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PostPosted: Mon Jan 22, 2018 7:44 am 
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Joined: Sun Jun 30, 2013 7:59 am
Posts: 17
Sorry for the rather muddled title, couldn't think of what to put exactly :?

In the nerdy nights tutorials, there is a comment on the 6th tutorial (http://nintendoage.com/forum/messagevie ... eadid=8172) in which someone (Zzap) loads the attribute and name tables in one loop. I'm having trouble understanding what's going on. Full code is here https://pastebin.com/f12cef2c1
Here's the part I'm having difficulties with:

Code:
LDA #low(background)
  STA AddrLow
  LDA #high(background)
  STA AddrHigh
 
  LDX #$04              ; Loop X 4 times
  LDY #$00              ; Loop Y 256 times
LoadBackgroundsLoop:
  LDA [AddrLow],y
  STA $2007
  INY
  BNE LoadBackgroundsLoop
; Outer loop
  INC AddrHigh           ; increment high byte of address backg to next 256 byte chunk
  DEX                    ; one chunk done so X = X - 1.
  BNE LoadBackgroundsLoop   ; if X isn't zero, do again


I'm unsure of what value AddrLow and AddrHigh actually hold, because I don't understand what is being loaded into them.
LDA #low(background)
LDA #high(background)
What does this mean? there is no value set to low anywhere in the code. I've also never seen () used before. I understand the looping and branching in the rest of the code well enough, but those parts are baffling me. The label background precedes the tile data in bytes, I know that much. I've just never seen anything like this before so having trouble understanding what #low(background) means, especially when low hasn't been set to any value prior.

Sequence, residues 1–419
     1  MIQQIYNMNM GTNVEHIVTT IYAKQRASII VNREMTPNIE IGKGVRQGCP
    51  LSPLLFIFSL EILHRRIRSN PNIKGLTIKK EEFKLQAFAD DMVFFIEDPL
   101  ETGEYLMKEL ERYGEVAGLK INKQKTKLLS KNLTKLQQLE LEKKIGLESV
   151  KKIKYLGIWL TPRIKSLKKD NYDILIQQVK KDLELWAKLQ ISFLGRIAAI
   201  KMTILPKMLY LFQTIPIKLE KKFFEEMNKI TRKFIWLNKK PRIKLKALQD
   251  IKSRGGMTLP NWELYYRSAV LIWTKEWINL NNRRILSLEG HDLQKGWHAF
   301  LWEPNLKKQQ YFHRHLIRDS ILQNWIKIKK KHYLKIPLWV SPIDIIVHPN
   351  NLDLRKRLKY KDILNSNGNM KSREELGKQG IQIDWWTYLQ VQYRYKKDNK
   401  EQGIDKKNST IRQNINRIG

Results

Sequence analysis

Sorry for being so inept. I'm making progress slowly after a long hiatus, really appreciate any help you guys can offer. Thank you :)


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PostPosted: Mon Jan 22, 2018 8:20 am 
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Joined: Fri May 08, 2015 7:17 pm
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Location: DIGDUG
Are you familiar with pointers in other programming languages?

AddrLow and AddrHigh are 2 zero page RAM addresses. You put the address of the data here, and then you can 'indirectly' load from the data using the (INDIRECT), Y mode.

So let's say the data is at address 9000. You load the pointer with values 90 and 00, then you are basically saying, load from 9000, when you do LDA (AddrLow), y assuming y is zero.

6502 is little endian, so the small byte of the address is first, the high byte is next.

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PostPosted: Mon Jan 22, 2018 1:32 pm 
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Joined: Thu Mar 31, 2016 11:15 am
Posts: 291
'background' is an address to the level data that's being copied. It could be defined in the source like this:

Code:
background:
.byt 50
.byt 34
.byt 130
.byt 200
; continue for 1024 bytes


An address is 16 bits. The built-in functions 'low' and 'high' take 16 bit constant values and split them up into two 8 bit values: a low byte and a high byte.

'AddrLow' is being used for indirect indexed addressing, as Dougeff mentioned. Basically, this allows you to write a subroutine and reuse the code for different data (e.g. reuse it for different levels).

You could write the code like this:

Code:
  LDX #$04              ; Loop X 4 times
  LDY #$00              ; Loop Y 256 times
LoadBackgroundsLoop:
  LDA background, y    ; look here!